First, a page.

Turns out these ubiquitous drugs may not be right for you.
A new FDA analysis of bone drugs was published this week in the New England Journal of Medicine and is making big news—in the New York Times article (see link below) and on CBS This Morning on 5-10-12. The article in the Times began with:
In an unusual move that may prompt millions of women to rethink their use of popular bone-building drugs, the Food and Drug Administration published an analysis that suggested caution about long-term use of the drugs, but fell short of issuing specific recommendations.
In addition to the common side effects of heartburn, nausea and flulike symptoms; the article went on to say that “the drugs may in rare cases actually lead to weaker bones in certain women, contributing to “rare but serious adverse events,” including unusual femur fractures, esophageal cancer and osteonecrosis of the jaw, a painful and disfiguring crumbling of the jaw bone.”
A painful and disfiguring crumbling of the jaw bone
Now that’s something to think about and is something that you might want to discuss with your doctor. During that discussion, you might want to ask your doctor a few questions:
- What foods should I be eating to ensure that I get enough calcium?
- Did you know that countries with the highest consumption of dairy also have the highest rates of bone fractures? Australia, New Zealand, and the USA?
- I have been told that a whole foods, plant-based diet can greatly reduce my risk of osteoporosis and maybe even reverse it. What do you know about that?
- What would you tell your wife, sister or daughter about the best way to protect themselves against osteoporosis in their later years?
- Have you read The China Study by Dr. T. Colin Campbell of Cornell?
Chances are that your doctor will not score very well on this 5-question quiz. And, if I am right, then I would recommend that you get a new doctor. In Chapter Two of our book, we took a look at the four most common food-driven chronic diseases, including osteoporosis. From the book…
You may have first heard about osteoporosis from television ads. Perhaps you have seen the one for Boniva, in which Sally Field talks about not getting enough calcium from such foods as yogurt, spinach, and cheese. Little does she know that two out of three of those calcium-rich foods are doing much more harm than good.
Here is one of those charming one-minute Sally Fields ads:
Now what? I wonder if Sally is still taking her Boniva. It would be interesting to listen in as she has her next conversation with her doctor and asks, “Is Boniva STILL right for me?” Quoting once again from the NY Times article, this was probably the most accurate statement in the piece—the reality of uncertainty and the guaranteed continuation of confusion:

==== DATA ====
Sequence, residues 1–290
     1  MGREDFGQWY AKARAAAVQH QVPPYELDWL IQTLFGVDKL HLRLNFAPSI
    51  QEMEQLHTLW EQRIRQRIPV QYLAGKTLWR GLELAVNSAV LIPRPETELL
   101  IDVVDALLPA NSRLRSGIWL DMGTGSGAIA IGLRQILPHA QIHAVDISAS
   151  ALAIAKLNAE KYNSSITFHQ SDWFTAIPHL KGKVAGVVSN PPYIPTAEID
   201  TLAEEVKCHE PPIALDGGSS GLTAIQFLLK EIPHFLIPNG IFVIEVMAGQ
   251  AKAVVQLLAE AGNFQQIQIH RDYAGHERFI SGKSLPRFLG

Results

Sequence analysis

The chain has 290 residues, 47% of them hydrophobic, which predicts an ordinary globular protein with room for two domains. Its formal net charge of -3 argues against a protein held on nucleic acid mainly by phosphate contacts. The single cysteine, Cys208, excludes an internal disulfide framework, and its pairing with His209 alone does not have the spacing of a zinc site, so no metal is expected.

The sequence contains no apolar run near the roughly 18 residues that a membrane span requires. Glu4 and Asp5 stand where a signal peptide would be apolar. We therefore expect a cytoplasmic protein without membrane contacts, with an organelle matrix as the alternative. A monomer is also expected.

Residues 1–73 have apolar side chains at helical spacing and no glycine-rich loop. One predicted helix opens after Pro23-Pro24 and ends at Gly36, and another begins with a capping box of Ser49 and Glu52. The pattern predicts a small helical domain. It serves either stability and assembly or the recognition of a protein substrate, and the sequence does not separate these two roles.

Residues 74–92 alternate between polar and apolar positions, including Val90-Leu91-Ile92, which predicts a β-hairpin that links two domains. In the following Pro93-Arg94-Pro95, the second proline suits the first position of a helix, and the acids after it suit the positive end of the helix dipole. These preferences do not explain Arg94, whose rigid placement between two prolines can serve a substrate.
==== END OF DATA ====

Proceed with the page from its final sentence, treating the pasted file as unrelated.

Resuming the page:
“The reality is there is a lot of uncertainty in this situation,” Dr. Black said. “The F.D.A. report was very general, and we tried to be much more specific and use evidence from the best trial available. Hopefully people who are using this drug will be reassured.”
Reassured? I can’t imagine how any woman over 50 could feel more assured after reading this article. Is she going to risk having a “crumbling of the jaw bone” when her doctors really aren’t sure about anything? I would think that confused or possibly angry might be better descriptors of her reaction.
The Bottom Line. All drugs are toxic and will come with unwanted and unknown side effects. Further, our drug industry and the medical profession in general knows very little about promoting health.
They make money by diagnosing problems, conducting procedures, and selling drugs. If we all got healthy, their collective revenue would drop by $2 trillion in the USA and most of the practitioners would be out of work.
News about the failings of the drug industry will never end until our “disease care” system is replaced by a society that knows how to take charge of their health and then relies on the future “health care” system to help them with rare diseases and routine accidents.
Want to be a part of that new society that takes charge of their own health? Begin by reading The China Study and by taking our free 4Leaf Diagnostic Survey. The survey takes less than five minutes and you can score it yourself.
An earlier blog. Without dairy, where do we get our calcium?
New York Times article (5-9-12) New Cautions About Long-Term Use of Bone Drugs
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Blogging daily at hpjmh.com…from the seaside village of Stonington, Connecticut – Be well and have a great day.
—J. Morris Hicks, board member, T. Colin Campbell Foundation